The Loyalty Letter
|E-news that helps you keep donors connected (and giving)
to your cause.
|Donor Retention's Low-Hanging Fruit:
What to Fix First (And Why)
Meet the fleeing donor. Research tells us at least half of all new givers (and 20+ percent of your regular givers) won't be around this time next year. But that doesn't have to be your donors... does it?
First the why.
Over half a decade ago I wrote an article for Fundraising Success Magazine on the sorry state of post-acquistion donor communications.
I'd gone "mystery shopping" (20 donations, 20 charities). In return for my generosity, virtually all of said charities treated me to silence and indifference, post-gift.
Aghast, I cited the Chronicle of Philanthropy and an eye-popping statistic from Dr. Adrian Sargeant (no relation)...
"Boosting repeat donor ranks by just 10 percent can improve your returns up to 200 percent."
That's just one additional donor out of every ten.
Fast forward six years. I find this post from the always excellent Grizzard Communications Blog. Chip Grizzard, it seems, had gone mystery shopping like my "trip" of yore...
... Hooray! thought I. Chip's got good news.
How wrong I was. Chip's results, as of the blog post:
* 63% sent Chip a thank you letter. DOWN 14% from last year
* The fastest turnaround was 14 days (Billy Graham Assoc.)
* Chip requested email updates from 13 organizations. (ZERO have emailed him.)
* He asked for planned giving information from three organizations. (ZERO sent him anything.)
* He never received his promised free item in return for his $20 minimum donation.
* And one organization sent Chip information on its sustainer program a week before he received a thank you.
Which means according to Chip, and since my 2007 shopping trip, post-gift donor care has tragically... incredulously... gotten worse. Worse!
Now for the bright side. That retention opportunity --- that up-to-two-hundred-percent boost in revenues --- still waits.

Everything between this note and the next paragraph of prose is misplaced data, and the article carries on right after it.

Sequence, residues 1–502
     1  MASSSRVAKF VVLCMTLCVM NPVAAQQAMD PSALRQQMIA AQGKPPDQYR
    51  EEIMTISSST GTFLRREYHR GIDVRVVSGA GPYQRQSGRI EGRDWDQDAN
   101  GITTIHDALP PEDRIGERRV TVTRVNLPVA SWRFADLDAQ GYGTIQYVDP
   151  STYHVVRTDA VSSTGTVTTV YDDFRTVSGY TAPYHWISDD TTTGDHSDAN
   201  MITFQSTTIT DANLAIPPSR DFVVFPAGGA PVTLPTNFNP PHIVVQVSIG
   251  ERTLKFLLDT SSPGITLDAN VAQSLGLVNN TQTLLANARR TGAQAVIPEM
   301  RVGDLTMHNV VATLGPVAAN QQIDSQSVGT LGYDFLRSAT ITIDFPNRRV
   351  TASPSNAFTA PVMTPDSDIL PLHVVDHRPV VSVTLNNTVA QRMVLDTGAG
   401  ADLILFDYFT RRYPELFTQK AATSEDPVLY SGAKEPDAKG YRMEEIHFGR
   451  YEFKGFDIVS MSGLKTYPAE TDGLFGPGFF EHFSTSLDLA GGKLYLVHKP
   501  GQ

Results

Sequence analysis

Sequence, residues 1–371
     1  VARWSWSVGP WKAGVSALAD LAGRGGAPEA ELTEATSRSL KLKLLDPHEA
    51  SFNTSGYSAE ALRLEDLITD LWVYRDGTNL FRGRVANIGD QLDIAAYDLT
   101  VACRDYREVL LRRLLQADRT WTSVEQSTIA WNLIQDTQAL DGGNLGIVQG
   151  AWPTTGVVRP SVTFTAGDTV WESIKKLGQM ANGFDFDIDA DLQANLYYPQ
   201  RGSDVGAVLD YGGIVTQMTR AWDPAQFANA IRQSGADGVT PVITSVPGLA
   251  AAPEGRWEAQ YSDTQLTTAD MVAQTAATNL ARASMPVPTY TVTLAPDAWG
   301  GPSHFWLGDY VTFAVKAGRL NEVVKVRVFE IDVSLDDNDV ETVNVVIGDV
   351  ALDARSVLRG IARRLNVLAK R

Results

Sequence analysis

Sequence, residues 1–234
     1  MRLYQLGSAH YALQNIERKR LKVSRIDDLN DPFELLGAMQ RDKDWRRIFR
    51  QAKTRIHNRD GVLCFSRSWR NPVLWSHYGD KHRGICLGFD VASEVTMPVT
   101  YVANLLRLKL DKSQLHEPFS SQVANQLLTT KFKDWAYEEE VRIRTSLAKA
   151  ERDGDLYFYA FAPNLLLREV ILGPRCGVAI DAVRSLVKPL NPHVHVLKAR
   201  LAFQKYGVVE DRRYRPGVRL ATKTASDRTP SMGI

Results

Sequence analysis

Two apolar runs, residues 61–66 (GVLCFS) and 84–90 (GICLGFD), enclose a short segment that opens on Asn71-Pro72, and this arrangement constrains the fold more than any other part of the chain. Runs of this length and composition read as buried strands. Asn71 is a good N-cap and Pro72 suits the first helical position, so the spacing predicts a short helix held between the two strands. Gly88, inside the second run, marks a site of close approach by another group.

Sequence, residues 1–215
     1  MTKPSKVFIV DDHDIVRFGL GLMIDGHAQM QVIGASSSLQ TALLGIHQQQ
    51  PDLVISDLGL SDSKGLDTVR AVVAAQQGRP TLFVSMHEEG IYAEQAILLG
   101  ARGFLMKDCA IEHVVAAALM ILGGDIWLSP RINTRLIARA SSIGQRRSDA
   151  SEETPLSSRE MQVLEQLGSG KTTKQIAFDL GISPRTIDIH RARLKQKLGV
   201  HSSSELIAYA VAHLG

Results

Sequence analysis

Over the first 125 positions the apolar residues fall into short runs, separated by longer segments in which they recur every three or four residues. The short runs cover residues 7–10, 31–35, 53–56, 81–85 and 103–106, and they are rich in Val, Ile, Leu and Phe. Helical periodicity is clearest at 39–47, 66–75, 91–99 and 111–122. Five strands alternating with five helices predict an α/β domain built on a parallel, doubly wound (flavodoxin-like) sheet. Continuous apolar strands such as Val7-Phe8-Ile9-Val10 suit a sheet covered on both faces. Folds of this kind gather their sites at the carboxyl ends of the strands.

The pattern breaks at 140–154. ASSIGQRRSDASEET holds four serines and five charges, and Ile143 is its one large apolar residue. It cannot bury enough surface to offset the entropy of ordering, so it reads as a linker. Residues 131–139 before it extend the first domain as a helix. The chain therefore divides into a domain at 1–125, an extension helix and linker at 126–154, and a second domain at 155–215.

You CAN be the organization that gets donor care right. Now. This year.
What to fix first -- donor retention's low hanging fruit:
1. Thank you letters and emails:
Designate a thank-you guru. Visit my free thank-you letter clinic on the fabulous SOFII. Follow the step by step examples. Update your thank-yous until they sing with donor love and gratitude. Don't worry about sending in 48 hours yet. Start with once a week. Pull your gift list. Every week. Send thank-yous. I repeat: every week, without fail. Update thank yous often.
2. Donor service:
Include an email and a phone number on all your donor communications. If you have a checkbox on reply slips, once a week, look at them. Promptly and personally answer any emails and calls and letters that come in. Stop what you're doing for any donors who visit you.
3. Reply slip checkboxes and their ilk:
From this day forward, you are forbidden to place a check box on your reply slip until you can promptly respond to donors who tick the boxes. If I give you my email via a direct mail reply slip, send me a friendly, human-sounding test message to confirm it and to thank me for supplying it. If I tick the box for planned giving information, you need to have something wonderful and inspiring and ready to send me. (And please-oh-please don't slap the planned giving label on that tick box! Say "Please send me information about making a gift to XYZ Charity in my Will. I wrote about legacies here.)
4. Premiums and other promises:
If you make a promise to your donors, keep it. Send premiums promptly. Fire direct mail vendors that fail to follow up. Consistently publish any and all communications that you promise special giving groups: president's circle updates, bequest societies, etc. Don't promise what you can't deliver.
5. Post-gift communications flow:
Follow this dead simple rule: I will NOT ask for another gift UNTIL I have sincerely thanked my donors AND reported back to them on how their gift is being (or will soon be) wisely used.
Folks, I know this stuff isn't as shiny or sexy-sounding as chasing down cause marketing partnerships or posting cool stuff to your blog or filling your Twitter feed.
But at one of my clients, I've been a proud (virtual) part of a fundraising team that, for the past four years, has focused on one thing and one thing only: getting the basics of good donor care right.
Believe me when I tell you. With the right communications, and a desire to treat your supporters right, donor retention can improve by leaps and bounds.
And the revenues? Suffice to say, Professor Adrian Sargeant was right. They do follow.
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